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Respect the Line Between Employees and Friends

Blurring the distinction can cause lots of problems down the line.
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All too often, the line between an employee and employer or a manager and a subordinate can become blurred. The employer and the employee may share the same hobby. The manager may become romantically involved with the subordinate.

A former mentor of mine, who was a very smart, successful guy, became too friendly with his head of research and development. They went to dinner and ballgames, and their families took vacations together. When my boss was going through marital trouble, he shared his thoughts with his head of R&D.

One day, a tremendous mistake was made by the head of R&D that cost the company millions of dollars. It really wasn't even the head of R&D's fault, but it happened under his watch. All of the goodwill and friendship went right out the window.

My mentor called in the head of R&D and fired him. The fired man walked out in a state of shock. My mentor warned me two hours before the firing, because he had insisted I hire the very competent wife of the head of R&D.

Within two days, she resigned, and the R&D head sued his former close friend for wrongful termination. My mentor's company decided to settle the suit with a generous payment and a letter of recommendation.

We have seen corporate chiefs forced to resign because of their relationships with employees. Being too close to an employee can take down the most powerful leaders.

For many people, it's tough to control the heart -- or the inner heat, where a person allows his emotions to hijack his good sense. It's hard for people in the working world not to seek friendships in the workplace, because we spend more time at the office than we do with family and friends outside the office.

I can tell you, though, that in the first 10 years I was in business, I stepped over the line between boss and employee numerous times, only to regret it and have to terminate the employee. The sense of betrayal on their faces was, I'm sure, the same look that my mentor's former head of R&D had when he was let go. Here are 10 areas I have learned to avoid so as not to cross the line.



Birthday parties

: I have been invited to employee birthday parties and weddings. I politely decline and send a gift.



Sporting events

: The only times I go to games with employees is if we are buying group tickets as a way to reward employees, or if we are taking out clients.




: I will have lunch with an employee to discuss a business matter, but I won't have lunch just to socialize. I never do dinner unless it is with a client or a prospective client.



Personal problems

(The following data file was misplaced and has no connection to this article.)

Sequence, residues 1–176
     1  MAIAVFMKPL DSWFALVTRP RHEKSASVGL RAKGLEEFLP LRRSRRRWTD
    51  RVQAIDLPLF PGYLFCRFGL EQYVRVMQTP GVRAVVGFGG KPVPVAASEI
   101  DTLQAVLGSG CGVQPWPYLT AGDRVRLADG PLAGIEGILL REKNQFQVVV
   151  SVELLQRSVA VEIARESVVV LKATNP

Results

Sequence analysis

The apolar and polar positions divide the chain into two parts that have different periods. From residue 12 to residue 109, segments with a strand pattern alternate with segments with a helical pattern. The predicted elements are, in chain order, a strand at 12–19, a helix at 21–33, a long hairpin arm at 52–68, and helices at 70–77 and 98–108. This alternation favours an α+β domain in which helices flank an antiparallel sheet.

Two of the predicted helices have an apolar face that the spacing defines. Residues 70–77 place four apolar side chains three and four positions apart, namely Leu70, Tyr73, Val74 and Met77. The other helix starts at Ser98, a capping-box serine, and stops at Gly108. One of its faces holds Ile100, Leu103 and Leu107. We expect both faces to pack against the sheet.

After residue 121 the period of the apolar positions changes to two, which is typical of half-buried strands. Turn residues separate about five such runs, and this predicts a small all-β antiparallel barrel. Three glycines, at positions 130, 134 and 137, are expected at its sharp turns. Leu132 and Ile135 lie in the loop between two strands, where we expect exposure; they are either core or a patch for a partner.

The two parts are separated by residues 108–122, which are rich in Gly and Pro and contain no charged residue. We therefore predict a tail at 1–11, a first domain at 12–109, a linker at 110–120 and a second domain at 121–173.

: I am not a social worker, and I am not my employees' parents. A big problem with handling personal problems is that you become too involved. The employee calls your home and shows up late, thinking you will understand. Eventually, other employees resent your preferential treatment without knowing the good deed you are trying to do.



Physical activities

: Golfing, jogging, tennis and biking are very personal activities. Bonds are developed. Personal thoughts and problems are shared.



Lending money

: I once lent money to a janitor who worked for me -- he was a good guy who was down on his luck. Unfortunately, he then thought I was his personal piggy bank.



Driving together

: A client of mine gave one of her employees a ride for a month because her car was in an accident. The employee got so used to being picked up that when my client couldn't pick up the employee, she got upset. My client should have suggested that the employee rent a car or get a friend, relative or fellow employee to drive her.




: Never give a personal gift. Its one thing to give a book related to business; it's another to give a personal gift.




: Going to a bar for a drink after a hard day is a very bad idea. People sometimes lose their professional demeanor.




: I have actually had business associates tell me that they went on a vacation with an employee because they had grown so close. A couple of years went by, and the employee started a competing business and used what he knew about the employer/friend to go into business. Eventually the employee put the employer out of the business.

You can be friendly, and you can share a joke or talk about how the local sports teams are doing, but keep it light and impersonal, or there could be consequences.

Marc Kramer, a serial entrepreneur, is the author of five books and is an instructor at the University of Pennsylvania's Wharton's Global Consulting Practicum, where he serves as Country Manager for Chile.